UFC looks to restructure

30 Oct, 2007 09:00 PM

UNITED Farmers Co-operative (UFC) has started assessing its opportunities to restructure and strengthen its business to continue growing its fertiliser and chemical businesses.

UFC issued a media release on Tuesday saying the move was made after formal approaches had come from a number of entities with CBH, Summit and ABB Grain believed to be among the interested parties.

UFC was also keen to clarify a state newspaper report last week which suggested it was on the verge of a surrender and had elected to go down the restructure path after another financial loss.

The release said the positive opportunities which had emerged from UFC’s discussions had encouraged its board to start a formal assessment of several of the proposals.

UFC members were issued with a letter in early last month telling them the assessment process would consider different capital options and alternate corporate structures or alliances.

“Given that United Farmers operating performance has been hurt by two consecutive poor cropping seasons in parts of WA, the board considered the discussions to be timely and likely to provide a great opportunity to add value to the member offering,” the release said.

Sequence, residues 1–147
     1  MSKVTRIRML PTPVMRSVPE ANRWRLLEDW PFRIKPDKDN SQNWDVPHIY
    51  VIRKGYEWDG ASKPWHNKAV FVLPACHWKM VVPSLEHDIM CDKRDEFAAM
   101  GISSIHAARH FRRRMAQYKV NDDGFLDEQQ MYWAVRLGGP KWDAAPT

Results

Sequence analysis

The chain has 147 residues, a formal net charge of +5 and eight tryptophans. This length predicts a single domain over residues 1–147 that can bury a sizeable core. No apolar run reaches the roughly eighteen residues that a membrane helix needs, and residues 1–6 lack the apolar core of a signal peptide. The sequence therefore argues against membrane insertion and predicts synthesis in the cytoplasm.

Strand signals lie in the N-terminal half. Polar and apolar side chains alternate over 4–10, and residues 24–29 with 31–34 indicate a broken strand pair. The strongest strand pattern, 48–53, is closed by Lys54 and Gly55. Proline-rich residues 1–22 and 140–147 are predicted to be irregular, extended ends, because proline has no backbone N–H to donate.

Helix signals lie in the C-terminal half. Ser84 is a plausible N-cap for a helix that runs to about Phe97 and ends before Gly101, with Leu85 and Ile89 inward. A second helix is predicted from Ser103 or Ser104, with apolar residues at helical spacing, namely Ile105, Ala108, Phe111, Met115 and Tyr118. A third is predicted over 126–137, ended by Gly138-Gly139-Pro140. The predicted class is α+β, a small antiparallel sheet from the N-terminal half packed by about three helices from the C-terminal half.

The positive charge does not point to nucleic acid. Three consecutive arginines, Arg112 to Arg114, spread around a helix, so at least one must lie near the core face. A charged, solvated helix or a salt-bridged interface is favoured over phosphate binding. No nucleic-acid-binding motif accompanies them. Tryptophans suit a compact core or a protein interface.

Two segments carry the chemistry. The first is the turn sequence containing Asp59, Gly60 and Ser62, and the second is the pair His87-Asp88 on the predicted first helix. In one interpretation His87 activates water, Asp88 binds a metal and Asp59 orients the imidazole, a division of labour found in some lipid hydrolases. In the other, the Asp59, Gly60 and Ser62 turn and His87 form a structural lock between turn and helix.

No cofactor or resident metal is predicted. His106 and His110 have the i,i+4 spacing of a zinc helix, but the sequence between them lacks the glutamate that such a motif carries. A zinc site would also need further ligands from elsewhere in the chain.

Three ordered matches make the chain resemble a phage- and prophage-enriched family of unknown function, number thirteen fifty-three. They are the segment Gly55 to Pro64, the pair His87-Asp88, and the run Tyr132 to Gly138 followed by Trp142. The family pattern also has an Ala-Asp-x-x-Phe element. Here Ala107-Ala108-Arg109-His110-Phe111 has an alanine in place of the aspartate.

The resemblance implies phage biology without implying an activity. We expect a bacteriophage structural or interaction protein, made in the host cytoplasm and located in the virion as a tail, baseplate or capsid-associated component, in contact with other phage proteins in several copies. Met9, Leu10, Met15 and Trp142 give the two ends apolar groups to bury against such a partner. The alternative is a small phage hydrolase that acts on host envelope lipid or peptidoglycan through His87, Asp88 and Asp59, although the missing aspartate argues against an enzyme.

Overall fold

The drought affecting many farming operations, particularly in the northern parts of WA’s Wheatbelt, has caused reduced fertiliser for all input suppliers during the past season.

As a result, UFC will record a second consecutive full-year loss.

This year’s final figures are still to be completed and audited because UFC’s financial year ended on August 31.

Formed in 1992 by a small group of disenchanted farmers looking for a better deal on farm inputs, UFC is one of WA’s biggest fertiliser suppliers with 15pc of the market share — third behind CSBP (60-65pc) and Summit (25pc).

UFC chairman Bowe Wilson said this year’s loss was likely to be bigger than the previous year’s when $3.6m was lost on revenue of $135m, the first major deficit in the co-operative’s brief history.

UFC said last year’s figure was unacceptable and it promised a back-to-basics strategy under recently appointed chief executive Kerry Browne.

Mr Wilson said the poor 2007-08 season would impact on the co-operative’s financial position.

He said it was important the board took proactive decisions about how to protect itself from future weather shocks and to also determine the best strategic direction for the future.


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